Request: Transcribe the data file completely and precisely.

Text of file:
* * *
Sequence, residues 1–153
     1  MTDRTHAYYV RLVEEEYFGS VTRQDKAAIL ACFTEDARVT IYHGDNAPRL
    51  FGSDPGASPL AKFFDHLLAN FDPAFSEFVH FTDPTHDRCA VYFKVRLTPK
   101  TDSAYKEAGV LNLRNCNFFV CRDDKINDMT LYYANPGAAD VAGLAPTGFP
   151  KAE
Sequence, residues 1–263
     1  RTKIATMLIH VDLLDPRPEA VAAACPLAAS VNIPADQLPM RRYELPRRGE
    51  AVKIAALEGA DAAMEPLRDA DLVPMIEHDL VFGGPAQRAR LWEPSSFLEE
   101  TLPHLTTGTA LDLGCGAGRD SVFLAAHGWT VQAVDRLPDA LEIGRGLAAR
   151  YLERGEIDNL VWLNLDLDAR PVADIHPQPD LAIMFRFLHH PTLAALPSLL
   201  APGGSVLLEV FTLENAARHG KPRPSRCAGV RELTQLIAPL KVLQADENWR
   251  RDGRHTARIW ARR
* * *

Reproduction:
Sequence, residues 1–153
     1  MTDRTHAYYV RLVEEEYFGS VTRQDKAAIL ACFTEDARVT IYHGDNAPRL
    51  FGSDPGASPL AKFFDHLLAN FDPAFSEFVH FTDPTHDRCA VYFKVRLTPK
   101  TDSAYKEAGV LNLRNCNFFV CRDDKINDMT LYYANPGAAD VAGLAPTGFP
   151  KAE
Sequence, residues 1–263
     1  RTKIATMLIH VDLLDPRPEA VAAACPLAAS VNIPADQLPM RRYELPRRGE
    51  AVKIAALEGA DAAMEPLRDA DLVPMIEHDL VFGGPAQRAR LWEPSSFLEE
   101  TLPHLTTGTA LDLGCGAGRD SVFLAAHGWT VQAVDRLPDA LEIGRGLAAR
   151  YLERGEIDNL VWLNLDLDAR PVADIHPQPD LAIMFRFLHH PTLAALPSLL
   201  APGGSVLLEV FTLENAARHG KPRPSRCAGV RELTQLIAPL KVLQADENWR
   251  RDGRHTARIW ARR